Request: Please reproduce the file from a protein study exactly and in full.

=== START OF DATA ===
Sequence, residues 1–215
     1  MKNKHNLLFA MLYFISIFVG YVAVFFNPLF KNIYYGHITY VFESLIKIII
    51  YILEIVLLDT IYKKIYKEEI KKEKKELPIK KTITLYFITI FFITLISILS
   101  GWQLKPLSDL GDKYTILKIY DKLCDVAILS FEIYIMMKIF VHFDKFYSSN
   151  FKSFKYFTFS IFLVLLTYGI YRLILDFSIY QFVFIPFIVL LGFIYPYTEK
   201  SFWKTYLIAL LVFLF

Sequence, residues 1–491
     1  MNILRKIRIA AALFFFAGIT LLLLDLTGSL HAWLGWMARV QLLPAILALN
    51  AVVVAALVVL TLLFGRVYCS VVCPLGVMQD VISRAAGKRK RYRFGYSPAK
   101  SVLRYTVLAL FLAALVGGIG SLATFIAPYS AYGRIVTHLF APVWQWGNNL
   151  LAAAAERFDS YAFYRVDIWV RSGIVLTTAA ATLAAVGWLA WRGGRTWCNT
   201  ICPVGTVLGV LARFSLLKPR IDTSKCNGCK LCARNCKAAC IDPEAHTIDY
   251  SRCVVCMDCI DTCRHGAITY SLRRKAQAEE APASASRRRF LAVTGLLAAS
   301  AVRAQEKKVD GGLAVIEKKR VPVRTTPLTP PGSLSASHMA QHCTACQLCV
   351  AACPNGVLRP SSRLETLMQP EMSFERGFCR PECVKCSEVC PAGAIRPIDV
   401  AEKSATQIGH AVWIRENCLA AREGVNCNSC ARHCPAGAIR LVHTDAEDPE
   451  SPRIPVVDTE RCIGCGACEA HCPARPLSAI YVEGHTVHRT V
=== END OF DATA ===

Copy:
Sequence, residues 1–215
     1  MKNKHNLLFA MLYFISIFVG YVAVFFNPLF KNIYYGHITY VFESLIKIII
    51  YILEIVLLDT IYKKIYKEEI KKEKKELPIK KTITLYFITI FFITLISILS
   101  GWQLKPLSDL GDKYTILKIY DKLCDVAILS FEIYIMMKIF VHFDKFYSSN
   151  FKSFKYFTFS IFLVLLTYGI YRLILDFSIY QFVFIPFIVL LGFIYPYTEK
   201  SFWKTYLIAL LVFLF

Sequence, residues 1–491
     1  MNILRKIRIA AALFFFAGIT LLLLDLTGSL HAWLGWMARV QLLPAILALN
    51  AVVVAALVVL TLLFGRVYCS VVCPLGVMQD VISRAAGKRK RYRFGYSPAK
   101  SVLRYTVLAL FLAALVGGIG SLATFIAPYS AYGRIVTHLF APVWQWGNNL
   151  LAAAAERFDS YAFYRVDIWV RSGIVLTTAA ATLAAVGWLA WRGGRTWCNT
   201  ICPVGTVLGV LARFSLLKPR IDTSKCNGCK LCARNCKAAC IDPEAHTIDY
   251  SRCVVCMDCI DTCRHGAITY SLRRKAQAEE APASASRRRF LAVTGLLAAS
   301  AVRAQEKKVD GGLAVIEKKR VPVRTTPLTP PGSLSASHMA QHCTACQLCV
   351  AACPNGVLRP SSRLETLMQP EMSFERGFCR PECVKCSEVC PAGAIRPIDV
   401  AEKSATQIGH AVWIRENCLA AREGVNCNSC ARHCPAGAIR LVHTDAEDPE
   451  SPRIPVVDTE RCIGCGACEA HCPARPLSAI YVEGHTVHRT V